Think Australia can’t make computer stuff? These ASX electronics makers say otherwise
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It’s not widely known, but Australia built the world’s fourth computer back in 1949.
The CSIR Mark 1 computer was a wonder of its time and — among other things — is known as the first computer anywhere to play music.
Unfortunately by the mid-1950s it was still the only computer in Australia — and we have never since been able to develop a computer hardware industry.
Nevertheless, there are a handful of successful computer chip and electronics makers in Australia — including about 20 or so listed on the ASX.
Our table below shows ASX small caps building digital hardware ranging from data storage to processing chips that function like the human brain to Internet-Of-Things sensors that identify cracks in planes.
(The ASX also has some successful gadget makers such as earbud maker Nuheara and smartwatch maker MGM Wireless — but here we mostly focus on companies making chips and electronic components.)
Over the past year, these 18 computer component stocks have risen, on average, 15.5 per cent in share price for a market cap in excess of $2 billion.
>> Scroll down for a list of ASX stocks that makes computer chips or electronic components
Data storage is perhaps the hottest of the trends. Weebit Nano (ASX:WBT) and 4DS Memory (ASX:4DS) are the two strongest performers.
Weebit Nano hopes its technology will allow semiconductor memory elements to become faster, more reliable, more energy efficient and more cost-effective. A semiconductor is a material that conducts electricity not as well as a conductor — gold, copper — but better than an insulator, such as glass.
It works with ReRAM, an emerging technology that combines the advantages of RAM and Flash, two more traditional types of memory.
Its shares are down in recent months — but still up 221 per cent for the year at 4.5c.
Meanwhile, 4DS Memory is also working with ReRAM, but more specifically their technology is known as the 4DS Interface Switching ReRAM technology, and it says it is well positioned to meet the massive memory demands of the future.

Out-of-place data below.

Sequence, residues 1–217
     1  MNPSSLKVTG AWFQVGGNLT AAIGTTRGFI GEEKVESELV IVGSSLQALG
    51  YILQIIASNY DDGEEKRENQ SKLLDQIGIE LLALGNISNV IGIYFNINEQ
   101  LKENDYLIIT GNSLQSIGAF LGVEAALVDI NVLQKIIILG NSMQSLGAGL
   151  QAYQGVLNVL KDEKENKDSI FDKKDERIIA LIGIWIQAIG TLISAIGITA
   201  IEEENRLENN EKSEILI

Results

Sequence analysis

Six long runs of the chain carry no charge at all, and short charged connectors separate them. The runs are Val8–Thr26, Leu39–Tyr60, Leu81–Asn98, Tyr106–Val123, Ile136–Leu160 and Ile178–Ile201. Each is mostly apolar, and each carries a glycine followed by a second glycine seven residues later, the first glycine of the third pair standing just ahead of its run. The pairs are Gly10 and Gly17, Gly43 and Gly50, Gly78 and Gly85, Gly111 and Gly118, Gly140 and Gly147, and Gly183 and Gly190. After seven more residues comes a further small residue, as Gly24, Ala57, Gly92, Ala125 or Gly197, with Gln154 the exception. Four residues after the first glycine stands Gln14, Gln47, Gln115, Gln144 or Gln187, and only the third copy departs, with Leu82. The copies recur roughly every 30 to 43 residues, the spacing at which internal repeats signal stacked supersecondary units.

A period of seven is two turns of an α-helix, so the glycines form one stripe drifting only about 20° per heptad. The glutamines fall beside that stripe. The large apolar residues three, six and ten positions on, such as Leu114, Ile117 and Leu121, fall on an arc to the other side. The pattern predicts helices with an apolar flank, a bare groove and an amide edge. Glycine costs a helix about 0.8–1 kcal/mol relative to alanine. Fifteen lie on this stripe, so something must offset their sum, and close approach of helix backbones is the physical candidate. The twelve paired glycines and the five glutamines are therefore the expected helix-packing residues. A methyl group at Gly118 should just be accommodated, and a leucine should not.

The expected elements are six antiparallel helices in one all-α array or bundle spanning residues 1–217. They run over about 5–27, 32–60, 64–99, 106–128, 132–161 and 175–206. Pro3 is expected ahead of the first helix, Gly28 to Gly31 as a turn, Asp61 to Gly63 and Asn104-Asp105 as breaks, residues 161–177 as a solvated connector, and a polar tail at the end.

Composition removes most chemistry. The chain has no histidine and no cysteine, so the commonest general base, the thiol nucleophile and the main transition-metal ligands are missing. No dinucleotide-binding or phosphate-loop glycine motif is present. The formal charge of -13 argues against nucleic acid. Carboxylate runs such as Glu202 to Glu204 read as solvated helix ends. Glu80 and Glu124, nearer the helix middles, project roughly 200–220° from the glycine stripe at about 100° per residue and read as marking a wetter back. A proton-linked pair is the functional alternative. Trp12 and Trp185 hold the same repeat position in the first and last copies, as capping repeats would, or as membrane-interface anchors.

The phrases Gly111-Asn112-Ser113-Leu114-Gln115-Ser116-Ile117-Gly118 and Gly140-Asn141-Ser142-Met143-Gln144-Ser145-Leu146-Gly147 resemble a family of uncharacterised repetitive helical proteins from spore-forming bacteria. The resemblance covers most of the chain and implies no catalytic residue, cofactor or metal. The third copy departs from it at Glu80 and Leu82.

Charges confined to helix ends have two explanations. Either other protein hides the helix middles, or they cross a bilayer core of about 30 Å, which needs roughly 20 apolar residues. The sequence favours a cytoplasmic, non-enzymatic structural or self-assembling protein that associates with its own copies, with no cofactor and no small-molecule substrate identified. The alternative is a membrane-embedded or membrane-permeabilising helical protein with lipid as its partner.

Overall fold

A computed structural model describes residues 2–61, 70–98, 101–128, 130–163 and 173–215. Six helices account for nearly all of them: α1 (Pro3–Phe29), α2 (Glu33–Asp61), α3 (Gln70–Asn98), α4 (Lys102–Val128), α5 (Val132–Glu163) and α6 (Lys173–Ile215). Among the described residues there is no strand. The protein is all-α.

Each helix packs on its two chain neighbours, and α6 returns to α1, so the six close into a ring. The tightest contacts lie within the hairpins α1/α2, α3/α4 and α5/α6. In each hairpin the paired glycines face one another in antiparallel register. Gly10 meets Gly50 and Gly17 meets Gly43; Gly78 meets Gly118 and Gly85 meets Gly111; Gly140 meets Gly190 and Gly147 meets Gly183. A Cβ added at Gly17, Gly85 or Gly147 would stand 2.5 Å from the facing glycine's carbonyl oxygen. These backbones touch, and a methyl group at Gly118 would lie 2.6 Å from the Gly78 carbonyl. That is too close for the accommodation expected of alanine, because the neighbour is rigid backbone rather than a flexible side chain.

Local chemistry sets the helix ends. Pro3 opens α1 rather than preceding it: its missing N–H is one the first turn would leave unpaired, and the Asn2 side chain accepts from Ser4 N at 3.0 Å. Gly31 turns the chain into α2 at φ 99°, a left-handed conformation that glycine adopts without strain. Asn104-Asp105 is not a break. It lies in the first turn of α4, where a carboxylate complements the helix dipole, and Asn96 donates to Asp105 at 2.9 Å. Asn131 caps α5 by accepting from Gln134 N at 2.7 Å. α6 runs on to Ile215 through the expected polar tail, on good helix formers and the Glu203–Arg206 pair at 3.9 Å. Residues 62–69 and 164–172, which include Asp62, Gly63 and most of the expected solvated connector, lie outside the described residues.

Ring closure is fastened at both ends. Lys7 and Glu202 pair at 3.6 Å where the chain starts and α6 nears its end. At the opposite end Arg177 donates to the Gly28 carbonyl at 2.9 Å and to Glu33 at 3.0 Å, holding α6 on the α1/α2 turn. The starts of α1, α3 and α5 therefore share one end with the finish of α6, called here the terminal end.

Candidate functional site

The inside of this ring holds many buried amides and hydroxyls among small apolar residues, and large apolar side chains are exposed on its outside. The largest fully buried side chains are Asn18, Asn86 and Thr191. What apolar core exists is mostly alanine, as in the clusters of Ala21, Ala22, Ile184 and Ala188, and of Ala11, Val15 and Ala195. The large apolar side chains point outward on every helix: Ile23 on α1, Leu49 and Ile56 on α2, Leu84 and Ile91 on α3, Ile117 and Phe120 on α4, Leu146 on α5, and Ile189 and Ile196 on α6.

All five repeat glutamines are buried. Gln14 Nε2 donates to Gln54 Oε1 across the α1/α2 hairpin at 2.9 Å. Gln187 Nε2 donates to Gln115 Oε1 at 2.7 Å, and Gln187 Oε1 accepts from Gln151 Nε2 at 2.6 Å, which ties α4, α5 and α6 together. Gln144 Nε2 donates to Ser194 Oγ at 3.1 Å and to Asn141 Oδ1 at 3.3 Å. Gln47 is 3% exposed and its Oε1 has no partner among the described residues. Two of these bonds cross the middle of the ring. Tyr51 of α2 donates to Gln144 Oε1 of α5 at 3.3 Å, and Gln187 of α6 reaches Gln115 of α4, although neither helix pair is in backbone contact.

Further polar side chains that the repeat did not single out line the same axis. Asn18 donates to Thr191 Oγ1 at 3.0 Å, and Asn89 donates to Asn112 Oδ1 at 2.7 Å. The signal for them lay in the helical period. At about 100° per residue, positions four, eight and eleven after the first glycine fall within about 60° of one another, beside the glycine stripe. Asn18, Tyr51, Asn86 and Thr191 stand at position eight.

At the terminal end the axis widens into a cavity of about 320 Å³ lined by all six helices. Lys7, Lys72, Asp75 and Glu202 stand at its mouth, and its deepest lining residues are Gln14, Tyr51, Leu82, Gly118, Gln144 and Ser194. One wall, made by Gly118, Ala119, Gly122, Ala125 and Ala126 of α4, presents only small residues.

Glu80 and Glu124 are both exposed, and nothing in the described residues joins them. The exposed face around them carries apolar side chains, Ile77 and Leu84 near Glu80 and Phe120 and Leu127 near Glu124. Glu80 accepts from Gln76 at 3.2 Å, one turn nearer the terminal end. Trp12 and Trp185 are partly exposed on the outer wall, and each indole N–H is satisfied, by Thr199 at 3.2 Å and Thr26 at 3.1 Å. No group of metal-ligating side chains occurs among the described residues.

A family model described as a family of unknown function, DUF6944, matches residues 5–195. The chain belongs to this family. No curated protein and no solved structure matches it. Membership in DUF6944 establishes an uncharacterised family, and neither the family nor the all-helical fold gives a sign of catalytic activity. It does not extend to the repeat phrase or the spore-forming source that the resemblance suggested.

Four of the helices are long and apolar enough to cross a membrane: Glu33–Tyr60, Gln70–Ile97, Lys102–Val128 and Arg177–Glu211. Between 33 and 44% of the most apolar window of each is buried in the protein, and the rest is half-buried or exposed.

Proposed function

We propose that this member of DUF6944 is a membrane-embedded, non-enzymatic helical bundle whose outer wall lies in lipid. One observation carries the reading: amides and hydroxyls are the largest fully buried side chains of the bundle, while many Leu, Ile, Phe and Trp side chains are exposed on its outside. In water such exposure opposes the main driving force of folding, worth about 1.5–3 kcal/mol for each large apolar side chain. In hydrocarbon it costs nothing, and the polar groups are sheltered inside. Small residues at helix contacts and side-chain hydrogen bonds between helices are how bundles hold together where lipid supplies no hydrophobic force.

4DS is up sharply over the past month with no explanation.
For some companies, it’s not even an elongated turnaround before results start to flow. Audinate (ASX:AD8) and Pivotal Systems (ASX:PVS) are two examples of companies who’ve seen positive share price movement within 18 months of listing.
Audinate listed on the ASX in June last year, and in the last 12 months its shares have shot up 127 per cent to $3.74.
The tech company provides computer chips for audio networking. Its technology has been used by the likes of Prince and Jamiroquai and is found in some 1100 different audio products, including big names like Bose, Sennheiser, Sony and Yamaha.
Pivotal, which makes software for making computer chips, had a strong first day on the stock exchange last month. In the short amount of time since, its shares have spiked 56 per cent, hitting $2.91 and valuing the company at over $315 million.
However, it hasn’t quite all been good news.
Ten of the 18 companies are trending down over the past 12 months.
Kollakorn Group (ASX:KKL), which makes technology for asset identification and security, has lost 82 per cent over the past year.
BrainChip (ASX:BRN), which makes accelerated artificial intelligence hardware and software, is down 6 per cent for the yeart — though the stock has been rising in recent months.
Here’s a list of ASX stocks that makes computer chips or electronic components:
|ASX code||Company||12-month price change||Price Aug 16||Market Cap|
|PVS||PIVOTAL SYS (listed Jul 2018)||0.564516129032||2.91||316.3M|
|GSL||GREATCELL SOLAR (suspended)||-0.0810810810811||0.17||--|